From disrupting historical geopolitical alliances, to heated legal conflicts with adult film stars, to lashing out against anyone and everyone via Twitter, Donald Trump’s presidency doesn’t have a lack of viral news headlines. There is one headline, however, that’s reach may have a particular interest amongst estate litigators.
Earlier this year, Donald Trump submitted to a Montreal Cognitive Assessment (MoCA) as part of his presidential medical examination. In light of Donald Trump’s, shall we say questionable behaviour, it was speculated that he was cognitively unfit to hold the office of the presidency of the United States of America. However, to the surprise of some, or many, he scored a perfect 30/30 on the MoCA. The news of Donald Trump’s perfect score immediately went viral across the internet. As a result, a Canadian doctor is now questioning whether the MoCA has been compromised.
The MoCA is a widely popular tool for doctors to test age-associated cognitive functioning.
According to the New York Times, online searches for the MoCA spiked in the days following the press conference when Donald Trump’s score was announced in January 2018. The New York Times also reported that various versions of the MoCA were proliferated online closely following that press conference.
Dr. Hourmazd Haghbayan, a medical resident at the University of Western Ontario, warns that due to the recent mass media attention and exposure to the MoCA, the public’s familiarity with the exam could be producing false test results. A letter by Dr. Haghbayan warning the medical community of this dangerous effect of the news cycle was published last week in the JAMA Neurology medical journal.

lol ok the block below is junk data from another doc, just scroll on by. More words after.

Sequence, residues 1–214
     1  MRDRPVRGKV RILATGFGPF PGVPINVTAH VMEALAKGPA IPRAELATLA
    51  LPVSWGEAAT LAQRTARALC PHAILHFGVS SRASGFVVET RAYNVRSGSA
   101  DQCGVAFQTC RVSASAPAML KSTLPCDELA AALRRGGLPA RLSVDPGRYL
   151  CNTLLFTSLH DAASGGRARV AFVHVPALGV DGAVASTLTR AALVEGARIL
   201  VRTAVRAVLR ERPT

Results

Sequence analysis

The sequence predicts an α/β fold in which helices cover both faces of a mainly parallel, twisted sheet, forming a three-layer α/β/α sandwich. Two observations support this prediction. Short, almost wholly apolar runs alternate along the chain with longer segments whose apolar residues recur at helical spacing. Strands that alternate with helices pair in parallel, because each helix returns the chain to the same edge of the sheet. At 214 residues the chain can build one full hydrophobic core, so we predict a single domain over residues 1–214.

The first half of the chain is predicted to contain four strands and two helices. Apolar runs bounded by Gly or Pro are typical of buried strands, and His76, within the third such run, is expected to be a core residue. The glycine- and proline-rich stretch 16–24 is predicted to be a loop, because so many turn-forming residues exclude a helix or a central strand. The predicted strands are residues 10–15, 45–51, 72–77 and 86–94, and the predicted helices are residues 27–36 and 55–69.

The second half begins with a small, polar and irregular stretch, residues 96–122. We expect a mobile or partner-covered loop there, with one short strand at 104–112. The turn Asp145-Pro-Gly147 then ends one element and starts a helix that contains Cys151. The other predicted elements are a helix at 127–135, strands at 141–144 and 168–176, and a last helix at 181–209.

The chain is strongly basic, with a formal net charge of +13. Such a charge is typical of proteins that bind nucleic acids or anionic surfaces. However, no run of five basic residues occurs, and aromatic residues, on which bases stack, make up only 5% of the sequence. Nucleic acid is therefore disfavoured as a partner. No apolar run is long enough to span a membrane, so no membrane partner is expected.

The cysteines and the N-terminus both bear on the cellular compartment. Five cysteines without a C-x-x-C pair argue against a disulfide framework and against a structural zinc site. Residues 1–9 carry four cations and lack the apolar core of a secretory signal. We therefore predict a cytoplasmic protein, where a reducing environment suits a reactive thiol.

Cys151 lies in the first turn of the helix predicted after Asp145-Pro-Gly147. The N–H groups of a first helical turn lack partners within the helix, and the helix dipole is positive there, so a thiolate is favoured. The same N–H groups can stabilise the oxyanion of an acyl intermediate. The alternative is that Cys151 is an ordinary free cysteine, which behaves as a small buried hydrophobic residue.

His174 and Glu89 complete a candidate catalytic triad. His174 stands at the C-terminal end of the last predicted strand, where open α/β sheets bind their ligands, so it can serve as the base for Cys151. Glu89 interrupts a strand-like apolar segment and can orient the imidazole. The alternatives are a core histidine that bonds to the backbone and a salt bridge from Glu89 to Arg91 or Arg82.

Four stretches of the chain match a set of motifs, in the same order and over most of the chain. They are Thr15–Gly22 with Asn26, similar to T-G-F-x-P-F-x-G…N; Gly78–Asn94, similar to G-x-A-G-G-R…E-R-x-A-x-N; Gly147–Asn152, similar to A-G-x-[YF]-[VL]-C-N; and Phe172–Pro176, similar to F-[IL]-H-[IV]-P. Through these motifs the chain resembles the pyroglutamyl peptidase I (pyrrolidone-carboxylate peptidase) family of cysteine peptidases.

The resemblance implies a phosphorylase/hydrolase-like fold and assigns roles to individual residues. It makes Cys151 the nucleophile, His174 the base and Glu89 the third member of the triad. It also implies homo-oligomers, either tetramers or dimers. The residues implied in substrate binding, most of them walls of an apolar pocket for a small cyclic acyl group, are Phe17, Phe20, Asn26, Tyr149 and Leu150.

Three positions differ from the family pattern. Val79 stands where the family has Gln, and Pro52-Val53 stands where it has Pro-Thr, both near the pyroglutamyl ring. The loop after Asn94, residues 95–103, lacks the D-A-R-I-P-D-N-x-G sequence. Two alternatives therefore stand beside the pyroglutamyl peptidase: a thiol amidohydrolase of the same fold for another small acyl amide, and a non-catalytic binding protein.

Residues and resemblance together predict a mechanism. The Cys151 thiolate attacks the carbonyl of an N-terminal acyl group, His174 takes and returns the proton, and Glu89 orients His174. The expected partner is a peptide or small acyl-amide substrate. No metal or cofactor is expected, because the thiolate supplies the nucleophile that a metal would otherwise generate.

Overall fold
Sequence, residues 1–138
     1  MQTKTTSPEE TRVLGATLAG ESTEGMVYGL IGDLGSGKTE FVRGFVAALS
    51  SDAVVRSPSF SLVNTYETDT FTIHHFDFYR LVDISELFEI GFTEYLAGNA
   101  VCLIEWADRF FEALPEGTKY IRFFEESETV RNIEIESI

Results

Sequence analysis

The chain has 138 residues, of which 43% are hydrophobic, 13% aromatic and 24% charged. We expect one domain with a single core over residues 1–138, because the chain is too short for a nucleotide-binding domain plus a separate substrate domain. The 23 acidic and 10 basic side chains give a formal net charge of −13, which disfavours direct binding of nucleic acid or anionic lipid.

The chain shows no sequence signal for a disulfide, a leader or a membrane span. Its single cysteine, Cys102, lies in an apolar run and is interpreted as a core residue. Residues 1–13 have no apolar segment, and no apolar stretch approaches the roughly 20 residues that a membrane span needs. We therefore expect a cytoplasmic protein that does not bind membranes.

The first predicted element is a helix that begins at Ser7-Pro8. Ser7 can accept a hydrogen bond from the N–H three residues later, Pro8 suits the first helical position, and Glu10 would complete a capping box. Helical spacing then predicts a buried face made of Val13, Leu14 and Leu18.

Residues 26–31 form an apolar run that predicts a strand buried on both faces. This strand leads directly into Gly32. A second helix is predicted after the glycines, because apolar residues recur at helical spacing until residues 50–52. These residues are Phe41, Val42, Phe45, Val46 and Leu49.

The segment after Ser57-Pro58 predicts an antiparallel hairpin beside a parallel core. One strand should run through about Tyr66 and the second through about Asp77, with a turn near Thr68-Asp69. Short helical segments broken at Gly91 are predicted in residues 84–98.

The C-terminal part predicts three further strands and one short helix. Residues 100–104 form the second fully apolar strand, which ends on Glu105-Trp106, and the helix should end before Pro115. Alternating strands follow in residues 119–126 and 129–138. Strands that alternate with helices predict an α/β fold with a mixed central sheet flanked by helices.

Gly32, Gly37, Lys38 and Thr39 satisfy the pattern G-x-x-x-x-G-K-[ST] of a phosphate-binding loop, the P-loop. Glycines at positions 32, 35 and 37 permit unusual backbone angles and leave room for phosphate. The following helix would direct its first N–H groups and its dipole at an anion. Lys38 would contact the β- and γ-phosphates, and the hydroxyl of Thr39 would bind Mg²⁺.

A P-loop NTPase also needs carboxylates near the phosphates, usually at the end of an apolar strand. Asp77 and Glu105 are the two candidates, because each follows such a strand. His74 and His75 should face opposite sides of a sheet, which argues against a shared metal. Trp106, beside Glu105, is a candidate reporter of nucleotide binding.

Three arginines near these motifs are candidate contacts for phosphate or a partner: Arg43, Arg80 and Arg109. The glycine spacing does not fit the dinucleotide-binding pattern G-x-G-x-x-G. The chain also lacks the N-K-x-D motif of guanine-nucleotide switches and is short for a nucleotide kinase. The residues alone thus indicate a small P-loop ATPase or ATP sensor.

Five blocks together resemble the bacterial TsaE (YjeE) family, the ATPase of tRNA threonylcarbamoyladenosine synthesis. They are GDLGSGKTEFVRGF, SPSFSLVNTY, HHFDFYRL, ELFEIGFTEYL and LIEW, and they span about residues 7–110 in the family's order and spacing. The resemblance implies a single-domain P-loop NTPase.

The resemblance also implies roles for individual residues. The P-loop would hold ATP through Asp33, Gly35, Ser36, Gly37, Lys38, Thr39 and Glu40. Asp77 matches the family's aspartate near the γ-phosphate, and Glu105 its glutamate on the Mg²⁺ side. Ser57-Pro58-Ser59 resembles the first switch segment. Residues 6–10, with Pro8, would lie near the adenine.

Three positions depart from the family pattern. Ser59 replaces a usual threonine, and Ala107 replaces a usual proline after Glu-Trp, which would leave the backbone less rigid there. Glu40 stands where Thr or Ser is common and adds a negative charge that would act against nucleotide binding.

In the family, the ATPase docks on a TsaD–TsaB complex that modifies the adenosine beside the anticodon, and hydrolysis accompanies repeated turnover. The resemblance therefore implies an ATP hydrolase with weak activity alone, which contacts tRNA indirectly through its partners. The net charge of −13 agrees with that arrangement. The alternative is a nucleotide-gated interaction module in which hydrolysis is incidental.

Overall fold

In response to Dr. Haghbayan’s warnings, Dr. Kenneth Shulman of Sunnybrook Health Sciences Centre, University of Toronto, Department of Psychiatry asserts that the MoCA remains a useful tool despite its mass dissemination.
However, Dr. Shulman cautions that the MoCA does have limitations. He suggests that the MoCA should be used only as a screening tool for cognitive impairment and not as a determinative diagnostic instrument. Dr. Shulman warns further against relying on a perfect MoCA score to disprove impaired capacity, including a score that was conducted before the exam went viral due to Donald Trump. As capacity is specific to task, time and circumstance, Dr. Shulman stated that a high MoCA score is supportive of intact capacity but should only be used in conjunction with other elements of a comprehensive assessment including history and other investigations. It is also very useful as a baseline marker in a longitudinal study of a person’s capacity. To the corollary, Dr. Shulman acknowledges that a low MoCA score is also not determinative of impaired capacity, although such a score should raise the suspicion of a physician.
In the context of a will challenge, a MoCA score is a piece of evidence that is often available to those persons who were involved in the care of a testator. In light of Dr. Shulman’s analysis, a high or even perfect MoCA score on its own would therefore have limited probative value. However, one has to wonder whether a low MoCA score on its own can meet the minimal evidentiary burden required by a will challenger following the decisions in Seepa and Martin.
To conclude, Dr. Shulman firmly believes that the MoCA remains a useful screening tool but not a substitute for a capacity assessment. How much probative value a MoCA score holds is an analysis for the courts. With respect to the office of the presidency, however, Dr. Shulman proposes that a personality test may also be a useful screening tool to add to the presidential medical examination.
You can read the full article published by the New York Times on this issue here: https://www.nytimes.com/2018/07/16/science/trump-cognitive-test-moca-nyt.html
 Seepa v Seepa, 2017 ONSC 5368 (CanLII)
 Martin v Martin, 2018 ONSC 1840 (CanLII)